Since that party I’ve gone to about a dozen weddings and am always struck by the raw nature of these events, how the wedding is, yes about the bond between the husband and wife, but also about family, the taking on of people we didn’t necessarily choose, the hierarchy of siblings, the abundance of events leading up to the wedding (the good ole days of just a wedding ceremony are long gone) and the stress that compounds these momentous events. I wanted to write something that had to do with the bride, but was much more about her navigating not her relationship with the groom, but with the siblings she is taking on, in this case, his sisters.
In this story, Bonnie’s success is “accidental” while her sister Corey’s efforts have been marathon-like, a steady exertion over her entire life. I am fascinated by the dynamics between women specifically in terms of balancing career and family and the ever-elusive definition of success. How do you look someone in the eye who’s effortlessly achieved something you’ve hinged your identity on and not feel…envious? Bonnie is successful, but, is she any good? And does that even matter?
While Bonnie turns people off with her intensity and desire for approval, Corey, is effortlessly smart, sarcastic, interesting, confident. Her social currency is immeasurable and this is the arena in which Bonnie cannot win. Similarly, Kayleigh, Bonnie’s future sister in law, has a charisma that Bonnie can only dream of, and, has a very solid relationship with her little sister, Larissa – a stark contrast to Bonnie and Corey.
So, about a year passed after the initial production of Bonnie’s Future Sisters in 2014. It went well. It got extended, it was well received and the show made me very happy.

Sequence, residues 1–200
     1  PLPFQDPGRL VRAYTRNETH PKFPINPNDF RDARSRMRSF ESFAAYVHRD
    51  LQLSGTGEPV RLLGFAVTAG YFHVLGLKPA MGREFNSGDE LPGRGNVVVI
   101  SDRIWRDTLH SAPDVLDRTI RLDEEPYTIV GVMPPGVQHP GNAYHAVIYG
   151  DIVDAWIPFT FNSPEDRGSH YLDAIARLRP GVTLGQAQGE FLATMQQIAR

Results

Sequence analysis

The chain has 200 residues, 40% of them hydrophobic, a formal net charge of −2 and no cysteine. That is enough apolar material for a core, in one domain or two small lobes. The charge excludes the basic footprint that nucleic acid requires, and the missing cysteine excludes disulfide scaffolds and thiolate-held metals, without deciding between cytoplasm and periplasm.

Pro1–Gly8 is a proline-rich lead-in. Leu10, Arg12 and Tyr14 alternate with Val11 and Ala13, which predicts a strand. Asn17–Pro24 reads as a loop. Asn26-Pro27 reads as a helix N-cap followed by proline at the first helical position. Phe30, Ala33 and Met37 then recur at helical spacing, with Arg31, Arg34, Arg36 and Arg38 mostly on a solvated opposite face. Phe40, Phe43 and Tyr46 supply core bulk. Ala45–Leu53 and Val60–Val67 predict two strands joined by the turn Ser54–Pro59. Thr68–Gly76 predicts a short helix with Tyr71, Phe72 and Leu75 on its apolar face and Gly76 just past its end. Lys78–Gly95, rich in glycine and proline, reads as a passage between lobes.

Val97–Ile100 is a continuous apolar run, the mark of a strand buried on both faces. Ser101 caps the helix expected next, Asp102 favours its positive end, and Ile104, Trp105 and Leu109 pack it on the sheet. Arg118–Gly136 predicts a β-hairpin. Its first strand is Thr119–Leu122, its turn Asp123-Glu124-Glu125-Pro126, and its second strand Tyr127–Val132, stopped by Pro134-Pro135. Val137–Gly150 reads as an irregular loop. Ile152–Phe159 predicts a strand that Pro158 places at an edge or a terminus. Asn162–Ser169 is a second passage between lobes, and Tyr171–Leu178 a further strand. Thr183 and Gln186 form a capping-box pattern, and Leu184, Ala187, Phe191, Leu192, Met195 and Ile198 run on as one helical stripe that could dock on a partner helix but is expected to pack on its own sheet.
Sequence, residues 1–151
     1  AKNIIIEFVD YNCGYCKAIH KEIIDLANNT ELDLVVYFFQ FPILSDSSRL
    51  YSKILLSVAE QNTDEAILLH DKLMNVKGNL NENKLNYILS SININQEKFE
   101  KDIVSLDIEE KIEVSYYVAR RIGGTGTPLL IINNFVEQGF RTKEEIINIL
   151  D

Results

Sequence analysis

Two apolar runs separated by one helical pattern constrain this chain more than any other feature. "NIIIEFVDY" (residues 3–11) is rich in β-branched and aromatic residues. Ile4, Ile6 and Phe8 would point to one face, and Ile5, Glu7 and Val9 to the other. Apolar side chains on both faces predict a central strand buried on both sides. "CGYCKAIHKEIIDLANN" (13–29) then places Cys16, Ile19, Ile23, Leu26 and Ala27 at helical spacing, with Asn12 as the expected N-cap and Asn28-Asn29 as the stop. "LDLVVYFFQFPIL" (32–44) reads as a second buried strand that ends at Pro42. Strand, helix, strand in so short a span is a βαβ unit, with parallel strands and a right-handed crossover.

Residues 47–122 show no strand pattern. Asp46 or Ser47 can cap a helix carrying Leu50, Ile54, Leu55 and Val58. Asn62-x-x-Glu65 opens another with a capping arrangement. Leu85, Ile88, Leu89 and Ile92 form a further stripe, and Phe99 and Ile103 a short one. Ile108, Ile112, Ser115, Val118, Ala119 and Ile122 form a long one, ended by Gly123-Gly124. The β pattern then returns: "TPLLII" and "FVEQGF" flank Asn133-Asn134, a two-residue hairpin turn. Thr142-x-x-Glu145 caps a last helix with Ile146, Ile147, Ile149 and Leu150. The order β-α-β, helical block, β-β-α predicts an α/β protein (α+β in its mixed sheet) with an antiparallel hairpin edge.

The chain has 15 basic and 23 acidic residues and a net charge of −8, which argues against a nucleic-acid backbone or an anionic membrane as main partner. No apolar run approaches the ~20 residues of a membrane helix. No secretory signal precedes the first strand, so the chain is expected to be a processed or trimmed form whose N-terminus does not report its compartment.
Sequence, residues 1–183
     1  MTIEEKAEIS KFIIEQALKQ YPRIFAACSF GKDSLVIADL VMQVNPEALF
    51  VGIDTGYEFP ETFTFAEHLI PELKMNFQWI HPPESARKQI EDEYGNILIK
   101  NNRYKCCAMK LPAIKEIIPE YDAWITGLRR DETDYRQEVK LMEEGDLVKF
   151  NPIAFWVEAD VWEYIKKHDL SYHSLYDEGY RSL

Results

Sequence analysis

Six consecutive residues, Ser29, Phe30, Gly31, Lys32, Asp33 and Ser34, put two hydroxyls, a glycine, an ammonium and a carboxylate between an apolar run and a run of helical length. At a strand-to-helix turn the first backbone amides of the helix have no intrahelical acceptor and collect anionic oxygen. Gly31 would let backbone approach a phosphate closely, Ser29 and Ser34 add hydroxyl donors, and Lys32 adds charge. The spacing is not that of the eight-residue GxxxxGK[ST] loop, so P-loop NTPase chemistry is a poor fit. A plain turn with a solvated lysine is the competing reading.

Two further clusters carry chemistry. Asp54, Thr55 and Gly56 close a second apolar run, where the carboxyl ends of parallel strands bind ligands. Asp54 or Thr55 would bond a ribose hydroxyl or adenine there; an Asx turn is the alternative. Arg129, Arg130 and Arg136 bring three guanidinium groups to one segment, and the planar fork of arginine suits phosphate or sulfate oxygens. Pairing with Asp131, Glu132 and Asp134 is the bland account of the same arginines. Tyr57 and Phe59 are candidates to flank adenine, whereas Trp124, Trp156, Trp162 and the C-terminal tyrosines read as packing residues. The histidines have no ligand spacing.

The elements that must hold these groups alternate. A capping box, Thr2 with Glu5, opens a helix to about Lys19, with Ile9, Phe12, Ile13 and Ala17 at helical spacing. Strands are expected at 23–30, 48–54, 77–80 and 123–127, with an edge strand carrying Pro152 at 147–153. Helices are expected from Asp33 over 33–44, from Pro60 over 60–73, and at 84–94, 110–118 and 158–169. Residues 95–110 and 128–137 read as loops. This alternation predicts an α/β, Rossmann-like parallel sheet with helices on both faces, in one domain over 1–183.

I had sent it to some publishing companies and forgotten about it and then one day got an email from Smith & Kraus saying they’d like to put a monologue from it in an anthology. A follow up note, said hey this play is pretty good, why don’t you try to get it published.
At the same time I had submitted it to Fringe. My first play premiered there 10 years ago and went on to be made into a feature film. How cool would it be to take another show, ten years later, for their 20th anniversary festival?! I had also devoted part of this year to buckling down and finishing the screenplay version of Bonnie’s Future Sisters. So here I am, halfway through 2016 and the play has two publications, a production on the way and finally, a film script as the ultimate goal is to make it as a feature film.
If you’ve made it this far it’s probably because you’re related to me. Please help us make the NYC premiere a reality! I am ready to put it out into the world, and see what the next phase of Bonnie will be! Thank you for supporting this project!! We’ll… see you in NEW YORK!
Risks and challenges
There are so many moving parts with any project, but especially one that is traveling, relying on many people coming together to perform and there actually being an audience to perform for! With any theater production there is a risk of not having everything come together for opening night. Even though we’ve done this show in LA, we’re relying on travel, tech, health of cast, and the hope that we get to do the show we want for as many people as possible.